What is anger?
Anger is a basic human emotion. One of the first ones we learn about as children along with happy and sad, scared and surprised. Something we don’t always learn, but probably should, is that anger is a secondary emotion. This is an emotional response to a primary emotion. Anxiety, fear and sadness are the usual prime emotions behind anger.
So, anger can be triggered, yes by the frustration of stubbing your toe, but frequent, regular outbursts likely stem from underlying emotions.
Anger has physiological affects on our bodies. It release adrenaline, so our heart speeds up, our breathing increases, our muscles tense. You might feel a tightness in your chest, feel hot and sweaty and sometimes teeth grinding or nail biting (guilty). This is the ‘fight’ response from our flight or fight instincts, which can sometimes motivate us to take action of change. However, uncontrolled anger can be very harmful; to others but also to your own mental health and wellbeing. And also, maybe your crockery.
Emotional Pain Definition
Defined by psychologist and suicidologist Edwin S Schneidman as “how much you hurt as a human being. It is mental suffering; mental torment”, emotional or psychological pain is the feeling or suffering from a non-physical origin. Schneidman credited the source of emotional pain to frustrated psychological needs, and that people’s level of pain varies due to the importance we, as individuals, place on each need.
When your emotional or psychological needs go unmet, anger can build up and simmer internally; eventually showing up either through frustration or irritable outbursts, but also through anxiety and depression.
Depression is not just sadness, and it has been interlinked with anger by many psychoanalytical theorists and has been researched in many different studies. People who suffer from depressive illnesses also display symptoms of anger, with these traits exaggerating depressive periods.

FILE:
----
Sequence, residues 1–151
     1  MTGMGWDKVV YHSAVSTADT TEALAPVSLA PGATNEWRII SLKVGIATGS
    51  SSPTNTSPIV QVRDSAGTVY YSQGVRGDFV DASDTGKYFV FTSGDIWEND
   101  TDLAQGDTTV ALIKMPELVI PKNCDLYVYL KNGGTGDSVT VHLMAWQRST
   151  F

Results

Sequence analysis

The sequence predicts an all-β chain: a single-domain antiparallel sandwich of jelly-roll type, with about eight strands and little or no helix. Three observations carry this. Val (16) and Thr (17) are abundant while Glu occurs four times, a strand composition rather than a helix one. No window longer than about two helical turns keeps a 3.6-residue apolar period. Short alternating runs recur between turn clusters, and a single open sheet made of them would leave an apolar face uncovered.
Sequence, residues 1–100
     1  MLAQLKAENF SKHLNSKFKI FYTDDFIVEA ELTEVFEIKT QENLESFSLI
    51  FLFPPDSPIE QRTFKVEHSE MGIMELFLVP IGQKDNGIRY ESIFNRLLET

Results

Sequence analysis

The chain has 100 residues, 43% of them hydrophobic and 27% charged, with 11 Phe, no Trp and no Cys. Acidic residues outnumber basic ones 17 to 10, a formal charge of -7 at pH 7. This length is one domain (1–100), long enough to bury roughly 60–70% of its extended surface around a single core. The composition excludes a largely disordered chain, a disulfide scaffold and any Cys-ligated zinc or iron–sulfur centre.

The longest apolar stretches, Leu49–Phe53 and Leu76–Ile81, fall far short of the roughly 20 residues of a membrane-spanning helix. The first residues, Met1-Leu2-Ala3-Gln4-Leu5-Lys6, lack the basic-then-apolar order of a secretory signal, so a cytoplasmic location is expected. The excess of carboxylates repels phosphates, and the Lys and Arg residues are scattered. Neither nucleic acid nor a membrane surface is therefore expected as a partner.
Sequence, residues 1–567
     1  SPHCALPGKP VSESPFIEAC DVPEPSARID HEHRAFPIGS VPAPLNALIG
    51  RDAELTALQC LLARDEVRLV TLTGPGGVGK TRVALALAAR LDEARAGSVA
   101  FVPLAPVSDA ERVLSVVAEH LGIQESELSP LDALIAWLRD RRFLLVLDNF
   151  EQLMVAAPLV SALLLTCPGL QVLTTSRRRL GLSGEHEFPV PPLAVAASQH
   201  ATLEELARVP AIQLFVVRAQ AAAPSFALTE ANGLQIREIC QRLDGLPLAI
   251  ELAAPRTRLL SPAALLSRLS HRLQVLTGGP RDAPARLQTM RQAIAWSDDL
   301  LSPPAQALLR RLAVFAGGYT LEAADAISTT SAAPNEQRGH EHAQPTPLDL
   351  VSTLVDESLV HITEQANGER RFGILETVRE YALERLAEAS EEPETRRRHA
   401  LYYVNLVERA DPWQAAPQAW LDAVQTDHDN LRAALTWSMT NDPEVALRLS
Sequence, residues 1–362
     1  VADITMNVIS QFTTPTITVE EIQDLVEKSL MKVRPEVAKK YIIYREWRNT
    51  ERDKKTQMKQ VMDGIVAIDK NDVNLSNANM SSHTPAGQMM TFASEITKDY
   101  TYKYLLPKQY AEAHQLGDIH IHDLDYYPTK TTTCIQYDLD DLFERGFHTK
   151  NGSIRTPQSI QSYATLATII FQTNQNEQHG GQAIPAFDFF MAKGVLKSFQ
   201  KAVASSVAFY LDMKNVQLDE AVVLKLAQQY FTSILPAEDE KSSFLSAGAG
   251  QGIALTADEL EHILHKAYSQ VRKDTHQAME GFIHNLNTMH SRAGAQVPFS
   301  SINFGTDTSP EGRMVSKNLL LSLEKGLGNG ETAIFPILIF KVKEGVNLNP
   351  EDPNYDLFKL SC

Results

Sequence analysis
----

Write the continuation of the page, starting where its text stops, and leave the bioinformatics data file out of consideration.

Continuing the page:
According to psychiatrist Fredric Busch, outbursts of anger can cause “intrapsychic conflicts through the onset of guilt and the fear that angry feelings will disrupt relationships.” And this then leads to “anger being directed inwards, further lowering self-esteem, creating a vicious cycle.”
Dealing with anger
The first thing to do, is acknowledge the feelings and try to figure out where it’s coming from. Often, it does stem from long, pent up annoyances of grievances that you carry around for a long time.
In the long term, seeking help to understand where these feelings come from and how to deal with them is the best way at handling anger and/or depression.
Short term, there are safe ways of releasing anger that will suit everybody, from meditation, distraction or taking time out. With heightened levels of adrenaline, finding a safe way to use your energy, such as exercise, hitting a pillow or ripping up paper, is a far better alternative to throwing a vase or yelling at your mum (sorry, mum). Play loud music, take a cold shower, find something to do with your hands and once it’s passed, consider why it happened. What tipped you over? And try not to focus on it negatively.
Don’t dwell on the fact that you lost your temper, but focus on the positives, on how you handled it, how you spotted the warning signs and dealt with it accordingly.
Don’t let yourself fall into a spiral of negative thinking.
Mind: Managing Anger